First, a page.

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Colonial and State Records of North Carolina
Letter from Guy Carleton, Baron Dorchester to Robert R. Livingston
Dorchester, Guy Carleton, Baron, 1724-1808
April 06, 1783
Volume 16, Pages 868-869

[From Executive Letter Book.]

No. 1.

New York, April the 6th, 1783.


A packet from England arrived in this port last night by which I have dispatches from Mr. Townshend, one of his principal Secretaries of State, communicating official intelligence, that preliminary articles of Peace with Spain and France were signed at Paris on the

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20th January last and that the ratifications have been since exchanged at the same place.

The King, Sir, has been pleased in consequence of these events, to order proclamation to be published declaring a cessation of arms, as well by sea as land, and his Majesty’s pleasure signified that I should cause the same to be published in all places under my command in order that his Majesty’s subjects may pay immediate and due obedience thereto and such proclamation I shall accordingly cause to be made on Tuesday next the 8th Instant.

In consequence thereof and in conformity to the articles of Peace, all our prisoners of War are to be set at Liberty & restored with all convenient dispatch entertaining no doubt but that similar measures will be taken on the part of the United States of America; in like manner no doubt can be entertained but that Congress in Conformity to the fifth Article of the provisional Treaty, will lose no time in earnestly recommending to the Legislatures of the respective States, to provide for the restitution of confiscated estates, & to reconsider and revise all laws of confiscation, that they may be rendered perfectly consistent not only with justice and equity, but with that spirit of conciliation, which on the return of the blessings of Peace should universally prevail.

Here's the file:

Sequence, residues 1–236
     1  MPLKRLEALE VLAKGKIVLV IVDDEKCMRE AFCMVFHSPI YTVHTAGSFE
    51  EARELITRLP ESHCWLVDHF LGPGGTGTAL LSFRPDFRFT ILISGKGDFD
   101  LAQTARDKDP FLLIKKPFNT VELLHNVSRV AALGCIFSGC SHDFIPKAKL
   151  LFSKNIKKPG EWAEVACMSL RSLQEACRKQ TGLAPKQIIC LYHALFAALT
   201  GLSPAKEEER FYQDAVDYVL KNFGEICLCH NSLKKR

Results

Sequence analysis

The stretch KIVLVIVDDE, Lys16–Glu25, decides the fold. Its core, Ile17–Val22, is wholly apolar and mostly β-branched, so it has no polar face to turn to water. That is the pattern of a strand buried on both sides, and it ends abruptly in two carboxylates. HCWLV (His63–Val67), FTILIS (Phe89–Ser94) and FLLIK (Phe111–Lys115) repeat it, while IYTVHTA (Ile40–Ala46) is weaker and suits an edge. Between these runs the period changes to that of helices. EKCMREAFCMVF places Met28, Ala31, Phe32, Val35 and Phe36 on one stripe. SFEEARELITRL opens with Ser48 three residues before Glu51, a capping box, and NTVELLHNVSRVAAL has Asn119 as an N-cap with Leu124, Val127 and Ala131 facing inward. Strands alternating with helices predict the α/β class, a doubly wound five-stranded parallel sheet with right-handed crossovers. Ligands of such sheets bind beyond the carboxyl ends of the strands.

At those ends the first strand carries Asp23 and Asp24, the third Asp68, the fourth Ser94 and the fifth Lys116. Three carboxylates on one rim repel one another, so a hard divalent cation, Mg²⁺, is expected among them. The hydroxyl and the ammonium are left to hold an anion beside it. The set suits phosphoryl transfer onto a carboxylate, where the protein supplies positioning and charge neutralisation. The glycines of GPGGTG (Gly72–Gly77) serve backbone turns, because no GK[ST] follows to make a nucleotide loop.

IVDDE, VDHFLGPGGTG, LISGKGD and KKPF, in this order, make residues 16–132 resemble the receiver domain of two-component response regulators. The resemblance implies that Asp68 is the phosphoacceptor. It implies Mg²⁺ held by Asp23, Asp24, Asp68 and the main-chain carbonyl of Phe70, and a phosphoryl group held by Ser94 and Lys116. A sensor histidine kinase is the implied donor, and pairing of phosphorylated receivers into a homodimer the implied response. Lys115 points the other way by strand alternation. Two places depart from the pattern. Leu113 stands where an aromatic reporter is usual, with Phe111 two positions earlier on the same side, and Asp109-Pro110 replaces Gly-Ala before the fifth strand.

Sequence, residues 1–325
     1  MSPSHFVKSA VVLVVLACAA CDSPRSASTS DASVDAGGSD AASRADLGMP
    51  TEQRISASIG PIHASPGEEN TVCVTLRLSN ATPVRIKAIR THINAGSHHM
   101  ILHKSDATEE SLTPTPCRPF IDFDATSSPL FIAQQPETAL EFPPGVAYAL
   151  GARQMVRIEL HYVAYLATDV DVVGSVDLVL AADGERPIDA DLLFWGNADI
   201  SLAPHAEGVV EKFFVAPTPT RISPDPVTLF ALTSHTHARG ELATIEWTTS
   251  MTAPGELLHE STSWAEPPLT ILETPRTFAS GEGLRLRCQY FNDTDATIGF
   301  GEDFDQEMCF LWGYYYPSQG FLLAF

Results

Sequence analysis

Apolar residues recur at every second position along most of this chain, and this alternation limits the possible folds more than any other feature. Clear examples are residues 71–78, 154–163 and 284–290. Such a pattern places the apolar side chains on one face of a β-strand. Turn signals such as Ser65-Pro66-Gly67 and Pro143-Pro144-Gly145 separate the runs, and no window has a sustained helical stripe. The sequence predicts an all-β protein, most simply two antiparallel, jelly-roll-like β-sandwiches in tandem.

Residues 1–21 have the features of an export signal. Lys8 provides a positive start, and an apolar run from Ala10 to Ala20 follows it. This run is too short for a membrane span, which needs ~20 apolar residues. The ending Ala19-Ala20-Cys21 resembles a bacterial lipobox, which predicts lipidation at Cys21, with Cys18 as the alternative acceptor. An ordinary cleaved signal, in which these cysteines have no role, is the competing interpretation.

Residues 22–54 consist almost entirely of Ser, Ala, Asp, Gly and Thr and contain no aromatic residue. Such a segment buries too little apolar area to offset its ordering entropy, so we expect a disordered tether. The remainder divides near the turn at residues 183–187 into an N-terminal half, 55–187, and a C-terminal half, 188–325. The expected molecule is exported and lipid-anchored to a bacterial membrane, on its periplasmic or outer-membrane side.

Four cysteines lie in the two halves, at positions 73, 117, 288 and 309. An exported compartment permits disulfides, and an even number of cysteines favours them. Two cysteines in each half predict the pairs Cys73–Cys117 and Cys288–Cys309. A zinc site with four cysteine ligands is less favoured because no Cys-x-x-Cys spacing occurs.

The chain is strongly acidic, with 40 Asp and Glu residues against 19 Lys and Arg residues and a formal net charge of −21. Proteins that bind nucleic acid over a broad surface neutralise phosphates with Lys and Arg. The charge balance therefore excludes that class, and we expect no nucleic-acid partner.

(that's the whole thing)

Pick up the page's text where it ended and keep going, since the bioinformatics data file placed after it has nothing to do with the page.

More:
And I am further to inform you Sir, that an instrument of accession to the suspension of hostilities by the States General of the United Provinces having been received in England a cessation of arms with these States has been thereupon included in the proclamation.

Upon this great occasion Sir, I am to offer my strongest assurances that during the short period of my command here, I shall be ready and earnest to cultivate that spirit of perfect good will which between the United States of America and the King of Great Britain & the Subjects and the Citizens of both Countries, will I trust always remain.

I am Sir, &c., &c.,
Robt. R. Livingston.